But let's face the facts: none of us is ever going to sound exactly like Jimi Hendrix, B.B. King, Eric Clapton or George Harrison, so it's deceptive to say, Here are the rigs these great stars used; play this gear, and you'll sound just like them. Lire la première page
Très complet, clair et bien organisé, l'essentiel y est, richement commenté avec pas mal d'infos techniques et de photos de bonne qualité ou de dépliants publicitaires d'époque. Le CD en guise de cerise sur le gâteau est également une bonne surprise. Au fil des pages, on découvre des choses très intéressantes sur la genèse de certaines associations de matériels, mais ça manque peut-être un peu de vie, de relief tout de même : on aurait aimé des interviews, des exemples détaillés de configurations "live" avec documents et/ou schémas à l'appui.
Un très bon bouquin malgré tout qui permet d'avoir une bonne vue d'ensemble du sujet.
Allez, cinq étoiles pour le CD qui donne du panache à l'ensemble.
Commentaires client les plus utiles sur Amazon.com (beta)
Amazon.com:4.4 étoiles sur 5 10 commentaires
15 internautes sur 15 ont trouvé ce commentaire utile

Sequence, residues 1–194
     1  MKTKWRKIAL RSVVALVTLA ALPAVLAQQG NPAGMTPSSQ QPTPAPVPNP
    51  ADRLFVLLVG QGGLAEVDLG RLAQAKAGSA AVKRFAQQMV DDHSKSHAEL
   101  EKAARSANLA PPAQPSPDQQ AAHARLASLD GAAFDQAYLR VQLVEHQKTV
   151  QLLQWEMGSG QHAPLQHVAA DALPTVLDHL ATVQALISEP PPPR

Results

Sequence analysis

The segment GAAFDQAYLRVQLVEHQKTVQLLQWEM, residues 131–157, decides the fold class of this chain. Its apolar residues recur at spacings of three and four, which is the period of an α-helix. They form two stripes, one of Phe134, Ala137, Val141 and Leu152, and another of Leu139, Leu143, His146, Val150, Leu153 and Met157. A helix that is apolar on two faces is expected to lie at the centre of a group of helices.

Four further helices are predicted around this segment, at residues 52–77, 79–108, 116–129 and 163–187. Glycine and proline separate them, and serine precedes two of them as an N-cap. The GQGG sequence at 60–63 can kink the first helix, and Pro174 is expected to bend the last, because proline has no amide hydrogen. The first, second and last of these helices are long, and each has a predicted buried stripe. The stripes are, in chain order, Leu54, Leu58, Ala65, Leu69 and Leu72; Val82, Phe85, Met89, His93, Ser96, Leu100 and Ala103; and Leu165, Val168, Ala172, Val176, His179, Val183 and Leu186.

4.0 étoiles sur 5Can't wait for the second edition...28 février 2006
Par Michael Amper - Publié sur Amazon.com
This is a great book, particularly if you are interested in guitar music pre-1980 or so. I can't help but feel, though, as if something is missing from the book, because so many setups that are now considered "classic" are missing. The most obvious oversight is think is the complete lack of coverage of the Roland Jazz Chorus JC-120 amplifier, one of the most important guitar amplifiers ever manufactured.
A close second is the omission of any information on Mesa/Boogie amplifiers, whose most "classic" proponent would probably be Carlos Santana. If the combination of a Paul Reed Smith guitar and any Mesa/Boogie amp isn't "classic" by now, it never will be! PRS actually play-tests all their guitars before they ship through a Mesa/Boogie amplifier.
It would also be nice to see some bass guitars and amplifiers in here, say, the Ampeg SVT, Trace Elliot SMX, and others. Ah well, maybe if there's ever a second edition...I'm sure if I thought about for a little longer, I could come up with even more examples that should be included.
5 internautes sur 5 ont trouvé ce commentaire utile
5.0 étoiles sur 5More than I expected28 avril 2007
Par Heritage Classics - Publié sur Amazon.com
I read Hunter's tube amp book and found his style and focus both unique and useful to those of us who are looking for info that is in many cases, difficult to find in a clear, organized format. Guitar tone is something that is more than just amplifiers and pickups so Hunter covers the effects of first, the guitar then the amps. I'm sure that there is some chance that your favorite guitar or amp isn't in here but many seminal ones are. If you really want to examine the subject; this is the best book yet.
8 internautes sur 10 ont trouvé ce commentaire utile
5.0 étoiles sur 5You wanna hear some magical sounds?22 mai 2005
Par Bruce A. Dunkle - Publié sur Amazon.com